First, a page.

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Doritos Thinks You'll Like This Canadian Chip Flavor

The maker of edible chips is getting in the middle of a classic taste debate.

One of the biggest joys of traveling to other countries is finding unusual snacks that do not exist back home

There are nori seaweed Lay's in Thailand, prawn cocktail Walker's crisps across the UK and cheese-and-almond Doritos in Japan.

And don't even start about the blueberry-flavored Lay's potato chips in China

While many assume that Canadian taste buds will not stray far from what is available in the U.S., the country is known for two signature chip flavors: all-dressed Ruffles and ketchup chips from any brand. 

The origin of the tangy-sweet-salty flavor is widely attributed to Hostess,  a Canadian chip brand that was eventually merged into Pepsico  (PEP) 's Lay's.

"In the 1970s, we were trying to mimic the taste of french fries and ketchup, and put it on a potato chip," Katie Ceclan, senior director of marketing at Lay’s, told the Chicago Tribune in 2019. "[...] It has become an iconic flavor in Canada."

But while no Canadian gas station will go without stocking at least a few bags of ketchup chips, the flavor is not widely available in the U.S. — at most, it will occasionally appear as novelty international flavor for a brief promotion.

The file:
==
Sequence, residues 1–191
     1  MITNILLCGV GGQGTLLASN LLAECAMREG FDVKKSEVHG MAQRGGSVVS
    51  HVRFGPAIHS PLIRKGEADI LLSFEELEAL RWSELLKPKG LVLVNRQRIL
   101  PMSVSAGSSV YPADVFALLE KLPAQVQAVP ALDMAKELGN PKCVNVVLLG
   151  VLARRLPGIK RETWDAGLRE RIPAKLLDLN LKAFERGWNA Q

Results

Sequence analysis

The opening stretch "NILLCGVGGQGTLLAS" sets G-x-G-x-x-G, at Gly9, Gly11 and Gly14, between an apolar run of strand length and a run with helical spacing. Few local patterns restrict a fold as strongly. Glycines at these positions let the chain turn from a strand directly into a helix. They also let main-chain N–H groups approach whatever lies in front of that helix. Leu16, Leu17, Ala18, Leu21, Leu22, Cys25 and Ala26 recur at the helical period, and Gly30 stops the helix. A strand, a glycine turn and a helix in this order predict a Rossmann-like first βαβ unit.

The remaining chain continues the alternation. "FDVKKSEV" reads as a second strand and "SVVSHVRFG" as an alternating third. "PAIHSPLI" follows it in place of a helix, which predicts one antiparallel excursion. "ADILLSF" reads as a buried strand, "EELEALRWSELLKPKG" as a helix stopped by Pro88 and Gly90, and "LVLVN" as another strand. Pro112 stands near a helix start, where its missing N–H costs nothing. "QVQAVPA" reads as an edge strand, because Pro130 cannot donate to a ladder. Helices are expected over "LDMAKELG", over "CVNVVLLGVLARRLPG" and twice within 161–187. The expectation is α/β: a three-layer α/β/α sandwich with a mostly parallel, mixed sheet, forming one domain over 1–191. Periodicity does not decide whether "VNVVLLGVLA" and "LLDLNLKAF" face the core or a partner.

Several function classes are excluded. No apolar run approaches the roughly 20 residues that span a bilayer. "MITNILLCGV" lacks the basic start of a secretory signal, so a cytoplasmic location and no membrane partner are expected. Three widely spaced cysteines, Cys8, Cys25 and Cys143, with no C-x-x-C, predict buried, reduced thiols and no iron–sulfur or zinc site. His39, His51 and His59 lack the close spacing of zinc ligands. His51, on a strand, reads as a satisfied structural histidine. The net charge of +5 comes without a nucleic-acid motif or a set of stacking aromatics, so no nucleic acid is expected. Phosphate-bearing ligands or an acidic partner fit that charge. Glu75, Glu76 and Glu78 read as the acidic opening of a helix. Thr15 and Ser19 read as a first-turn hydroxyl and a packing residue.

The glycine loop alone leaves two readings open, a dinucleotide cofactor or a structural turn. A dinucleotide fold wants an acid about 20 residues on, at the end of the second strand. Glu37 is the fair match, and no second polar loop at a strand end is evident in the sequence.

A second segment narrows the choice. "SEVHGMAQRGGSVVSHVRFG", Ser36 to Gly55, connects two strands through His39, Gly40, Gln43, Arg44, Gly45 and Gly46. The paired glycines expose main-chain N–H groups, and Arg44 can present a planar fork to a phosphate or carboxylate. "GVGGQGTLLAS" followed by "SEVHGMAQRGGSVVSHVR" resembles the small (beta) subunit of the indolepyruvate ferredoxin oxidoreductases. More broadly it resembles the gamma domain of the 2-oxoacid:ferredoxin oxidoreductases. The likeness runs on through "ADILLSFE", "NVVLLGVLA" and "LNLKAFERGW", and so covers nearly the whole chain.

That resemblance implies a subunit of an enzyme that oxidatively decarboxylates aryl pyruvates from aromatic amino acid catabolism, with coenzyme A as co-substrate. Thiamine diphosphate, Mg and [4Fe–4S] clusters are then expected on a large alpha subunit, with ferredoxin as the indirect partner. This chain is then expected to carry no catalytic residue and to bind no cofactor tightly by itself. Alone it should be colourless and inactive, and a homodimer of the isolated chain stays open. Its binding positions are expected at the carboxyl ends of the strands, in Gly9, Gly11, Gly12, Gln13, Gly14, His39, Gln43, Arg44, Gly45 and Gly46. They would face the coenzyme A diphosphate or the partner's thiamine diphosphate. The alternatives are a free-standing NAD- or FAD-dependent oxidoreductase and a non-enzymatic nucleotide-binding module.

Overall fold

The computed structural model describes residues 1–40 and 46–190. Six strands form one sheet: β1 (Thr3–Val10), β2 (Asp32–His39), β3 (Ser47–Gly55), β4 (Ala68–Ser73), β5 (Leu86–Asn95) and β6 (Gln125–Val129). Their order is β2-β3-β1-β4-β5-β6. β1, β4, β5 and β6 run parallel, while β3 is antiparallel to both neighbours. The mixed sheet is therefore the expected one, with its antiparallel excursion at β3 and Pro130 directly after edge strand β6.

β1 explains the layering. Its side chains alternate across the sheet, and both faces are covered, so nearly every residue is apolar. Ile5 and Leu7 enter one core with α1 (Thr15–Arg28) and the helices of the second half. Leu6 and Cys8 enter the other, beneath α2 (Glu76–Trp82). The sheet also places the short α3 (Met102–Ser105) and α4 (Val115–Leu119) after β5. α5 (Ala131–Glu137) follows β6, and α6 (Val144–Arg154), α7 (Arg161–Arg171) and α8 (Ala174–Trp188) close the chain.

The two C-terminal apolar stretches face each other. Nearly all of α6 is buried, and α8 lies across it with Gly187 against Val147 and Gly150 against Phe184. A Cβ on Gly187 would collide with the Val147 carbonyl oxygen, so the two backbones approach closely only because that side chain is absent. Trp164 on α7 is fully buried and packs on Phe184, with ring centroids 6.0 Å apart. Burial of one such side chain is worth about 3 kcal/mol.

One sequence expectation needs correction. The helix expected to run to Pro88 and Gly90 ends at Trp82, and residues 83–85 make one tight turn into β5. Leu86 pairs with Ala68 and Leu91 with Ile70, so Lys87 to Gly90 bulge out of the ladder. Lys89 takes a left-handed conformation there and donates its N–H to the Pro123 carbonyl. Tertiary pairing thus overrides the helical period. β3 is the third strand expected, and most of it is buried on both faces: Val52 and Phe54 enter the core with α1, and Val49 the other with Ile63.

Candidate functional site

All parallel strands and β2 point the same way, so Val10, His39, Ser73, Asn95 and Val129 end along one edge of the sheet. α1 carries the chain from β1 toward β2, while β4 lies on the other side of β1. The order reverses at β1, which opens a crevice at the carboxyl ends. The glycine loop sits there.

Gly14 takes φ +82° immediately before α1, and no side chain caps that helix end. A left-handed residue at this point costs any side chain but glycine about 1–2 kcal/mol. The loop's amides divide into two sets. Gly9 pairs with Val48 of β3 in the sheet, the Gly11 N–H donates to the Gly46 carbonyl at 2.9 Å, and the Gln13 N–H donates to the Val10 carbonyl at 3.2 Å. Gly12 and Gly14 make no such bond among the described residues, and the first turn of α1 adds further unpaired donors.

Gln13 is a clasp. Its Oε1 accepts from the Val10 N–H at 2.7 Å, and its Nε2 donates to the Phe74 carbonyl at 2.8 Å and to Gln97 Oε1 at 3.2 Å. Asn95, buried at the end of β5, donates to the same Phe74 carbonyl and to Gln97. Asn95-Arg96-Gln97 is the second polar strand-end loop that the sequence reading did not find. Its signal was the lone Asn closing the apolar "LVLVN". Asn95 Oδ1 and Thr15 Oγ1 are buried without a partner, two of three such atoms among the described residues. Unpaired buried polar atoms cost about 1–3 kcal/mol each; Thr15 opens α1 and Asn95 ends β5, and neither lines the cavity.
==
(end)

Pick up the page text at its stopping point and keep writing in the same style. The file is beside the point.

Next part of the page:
Is The Ketchup Chip Finally Here To Stay?

And this is precisely what Doritos, another Frito-Lay brand, is hoping to do this time with Doritos Classic Ketchup and Doritos Spicy Mustard chips.

Available exclusively on for the next few weeks, the two new corn chip flavors will mimic the taste of the classic condiments and cost $5.59 for a 9.25-ounce bag.

"We better start seeing some hotdogs with Doritos on them now that these are out on," Doritos wrote on its Instagram page on Thursday.

The reactions to the post were very mixed, with some writing that the ketchup flavor is "looking mighty fine" and others saying that "there's still time to delete this."

"Now we just need Doritos that taste like hot dogs," wrote Twitter user @livrach2011.

The World Of Snacks Is An Increasingly Global Place

Chip flavors have come a long way from the salt and vinegar and sour-cream-and-onion that older generations may remember — earlier this year, Frito-Lay released its annual U.S. Trend Index and found that more and more customers look for chips with "exotic" flavors every year.

That said, major chip brands are often hesitant to pour a lot of resources into more "exotic" flavors that may or may not go over with an American audience.

Instead, global tastes most often come in the form of limited-time promotions such as with Doritos' Tangy Tamarind also released this summer. While the tangy fruit is a common flavor for snacks and candy in both South America and Southeast Asia, Frito-Lay is the first major brand to bring it to Americans.

Limited-edition runs are often the best way for a brand to experiment with new ideas and flavors to see what will take off. Some occasionally even go viral and develop a cult following.

That said, the most common chip flavors in the U.S. are still the ordinary ones — researchers from Statista found that plain, sour cream and onion and barbecue are the three most commonly-purchased chip flavors in the U.S.